Table 3. Concentrations of Xylella fastidiosa found in almond trees with classical symptoms of almond leaf scorch (ALS) and in surrounding ground vegetation Strain in Site (county) Grainland Rd (Butte) Anita Rd (Butte) Rd P (Glenn) Rd VV (Glenn) Zeering Rd (Stanislaus) Tim Bell Rd (Stanislaus) Site #7 (Kern) y z

Almondsy

Ground vegetation

X. fastidiosa titerz

Almond Almond Almond … Grape Almond Almond

Almond Almond Almond Almond Grape Almond Almond

1.84 × 106 ab 2.30 × 106 b 1.19 × 107 ab N/A 2.15 × 107 a 6.27 × 106 b 1.08 × 107 b

Results based on polymerase chain reaction and restriction enzyme digestion with Rsa1. Average CFU/g cultured from ALS symptomatic petioles, 27 July and 14 October 2004. Different letters after each mean indicate a significance difference (P < 0.05), Tukey’s pairwise comparison.

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lization, and an aesthetic resource. In contrast, in midsummer the almond floor is stripped of all vegetation in preparation for the August harvest. The trees are shaken to drop the nuts onto the ground, where they dry in the sun for 2 weeks before being collected with a vacuum. Other differences arise from the shape and size of the crop plants. Grapevines are planted in discrete rows, where adjacent vines often intertwine. Insects of all types can easily travel from one plant to another, which may account for much of the observed vine-tovine spread in insect-vectored diseases of grape. Almond trees are planted in a grid pattern, with trunks separated by 3 to 6 m. If adjacent plants touch, it is in the canopy, high off the ground and less accessible to any insect vectors feeding on ground vegetation. This arrangement could be one explanation of the lack of obvious tree-totree spread that we observed in the surveyed almond orchards (E. B. Shapland and K. M. Daane, unpublished). Of the X. fastidiosa-positive plant species in our survey, 9 of the 11 were present in the orchards on most of the sampling dates and, thus, composed the largest sample sizes of all ground vegetation species. There also was a positive and significant relationship between the number of samples taken per plant species and the percentage of samples positive for X. fastidiosa. Potentially, these insect vectors are not selective about the plant species they fed upon and, therefore, frequently encounter the most common plant species, thus moving the bacterium among these plants. In addition, some of the less common plant species in our sampled orchards were common hosts of X. fastidiosa in other surveys, but were negative in our 2year survey (Table 1). Thus, the feeding behavior of these insects could be a more important factor in controlling the spread of ALS. We currently are conducting transmission tests in the greenhouse with green sharpshooters and the most frequently infected weed species. Perhaps the most important feature in the relationship between ALS and resident ground vegetation is that we detected X. fastidiosa in weeds only during the cooler months, between October and April. This is in contrast to most previous field surveys that were conducted primarily during the growing season and in which X. fastidiosa was detected during the warmer summer months (6,11,19). Seasonality and temperature are important for ALS or PD epidemiology because X. fastidiosa survives best in the plants at a moderate temperature (10) and plants inoculated late in the growing season may not develop chronic disease symptoms (35). We hypothesize that the ground vegetation in the surveyed orchards best harbored X. fastidiosa at temperatures that were most consistent during the winter months, and when these fall or winter ground covers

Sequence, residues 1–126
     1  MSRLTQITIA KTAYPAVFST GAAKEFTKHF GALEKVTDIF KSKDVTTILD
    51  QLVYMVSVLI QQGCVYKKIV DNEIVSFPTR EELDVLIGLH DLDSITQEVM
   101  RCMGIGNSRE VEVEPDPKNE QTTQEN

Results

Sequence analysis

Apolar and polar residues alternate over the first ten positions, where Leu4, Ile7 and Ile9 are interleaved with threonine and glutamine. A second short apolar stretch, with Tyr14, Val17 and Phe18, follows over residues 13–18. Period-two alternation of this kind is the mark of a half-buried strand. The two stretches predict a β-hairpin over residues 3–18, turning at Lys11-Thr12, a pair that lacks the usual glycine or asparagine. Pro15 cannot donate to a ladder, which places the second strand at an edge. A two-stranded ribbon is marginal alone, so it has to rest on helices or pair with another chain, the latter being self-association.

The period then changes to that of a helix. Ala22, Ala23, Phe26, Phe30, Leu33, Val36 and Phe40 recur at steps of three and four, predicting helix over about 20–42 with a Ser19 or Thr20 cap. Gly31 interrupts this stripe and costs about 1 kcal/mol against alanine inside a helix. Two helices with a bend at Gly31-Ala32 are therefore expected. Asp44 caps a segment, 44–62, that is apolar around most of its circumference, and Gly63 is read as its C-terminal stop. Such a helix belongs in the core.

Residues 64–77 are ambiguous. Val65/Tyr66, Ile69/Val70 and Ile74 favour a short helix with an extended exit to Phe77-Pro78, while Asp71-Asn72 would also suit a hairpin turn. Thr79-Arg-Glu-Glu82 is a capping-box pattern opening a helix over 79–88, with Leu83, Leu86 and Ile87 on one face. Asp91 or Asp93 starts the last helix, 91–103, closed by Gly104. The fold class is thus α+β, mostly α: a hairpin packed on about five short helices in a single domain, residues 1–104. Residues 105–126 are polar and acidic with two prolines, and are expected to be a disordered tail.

were newly formed and in good condition. During the late spring and summer months, most ground vegetation in the almond orchard was small and in poor condition. These results suggest the need for further investigation about the correlation between seasonal presence and concentration of X. fastidiosa in ground covers and the seasonal presence and abundance of potential insect vectors. Unlike in vineyards, where a clear edge effect has been found with PD incidence (27), most previous work has not revealed any clear spatial patterns with ALS (26). We found that the almond strain of X. fastidiosa was most common in the surveyed ALS-infected orchards. Recent studies on the biology of different strains of X. fastidiosa have shown varying abilities to infect different hosts: grape strains will cause disease symptoms in almond, grape (2), and oleander (28), but neither almond strains (2) nor oleander strains (28) will cause disease in grape. A recent study near Fresno, CA, showed that characteristics of different varietals of almond as well as strain type (almond or grape) result in differing severity of ALS (13). A parallel study found both the almond and grape genotypes of X. fastidiosa in the same plant, pointing out that the presence of a less virulent strain does not preclude the existence of a more virulent strain (5). We found significantly higher X. fastidiosa titers in almond petioles containing the grape strain compared with petioles with almond strain X. fastidiosa (P < 0.014). This is consistent with previous findings that grape strain colonizes almond petioles to a higher extent than can almond strain X. fastidiosa (2). Our results showed that common ground vegetation can harbor X. fastidiosa on the almond floor. This suggests that a yearround weed control in the almond orchards may assist in management of X. fastidiosa. ACKNOWLEDGMENTS This research was supported by grants from the California Department of Food and Agriculture Pierce’s Disease and Glassy-winged Sharpshooter Board, and the Almond Board of California. We thank A. Purcell for providing invaluable research advice, as well as laboratory space and equipment; L. J. Baker, M. Wilhelm, and M. Pryor for field and laboratory help; and C. M. Curley and K. R. Sime for providing comments on an earlier draft of this manuscript. LITERATURE CITED 1. Almeida, R. P. P., and Pereira, E. F. 2001. Multiplication and movement of a citrus strain of Xylella fastidiosa within sweet orange. Plant Dis. 85:382-386. 2. Almeida, R. P. P., and Purcell, A. H. 2003. Biological traits of Xylella fastidiosa strains from grapes and almonds. Appl. Environ. Microbiol. 69:7447-7452.